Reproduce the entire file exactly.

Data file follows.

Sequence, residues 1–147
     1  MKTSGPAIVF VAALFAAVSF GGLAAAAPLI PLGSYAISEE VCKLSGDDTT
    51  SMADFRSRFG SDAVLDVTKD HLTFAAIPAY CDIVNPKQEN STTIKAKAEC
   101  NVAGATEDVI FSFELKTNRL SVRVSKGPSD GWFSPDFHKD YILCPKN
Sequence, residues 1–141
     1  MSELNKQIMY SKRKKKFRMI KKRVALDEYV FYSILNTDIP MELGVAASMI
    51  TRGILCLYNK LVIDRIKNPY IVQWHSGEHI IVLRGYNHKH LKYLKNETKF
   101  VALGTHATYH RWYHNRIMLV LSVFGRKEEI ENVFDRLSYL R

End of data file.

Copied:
Sequence, residues 1–147
     1  MKTSGPAIVF VAALFAAVSF GGLAAAAPLI PLGSYAISEE VCKLSGDDTT
    51  SMADFRSRFG SDAVLDVTKD HLTFAAIPAY CDIVNPKQEN STTIKAKAEC
   101  NVAGATEDVI FSFELKTNRL SVRVSKGPSD GWFSPDFHKD YILCPKN
Sequence, residues 1–141
     1  MSELNKQIMY SKRKKKFRMI KKRVALDEYV FYSILNTDIP MELGVAASMI
    51  TRGILCLYNK LVIDRIKNPY IVQWHSGEHI IVLRGYNHKH LKYLKNETKF
   101  VALGTHATYH RWYHNRIMLV LSVFGRKEEI ENVFDRLSYL R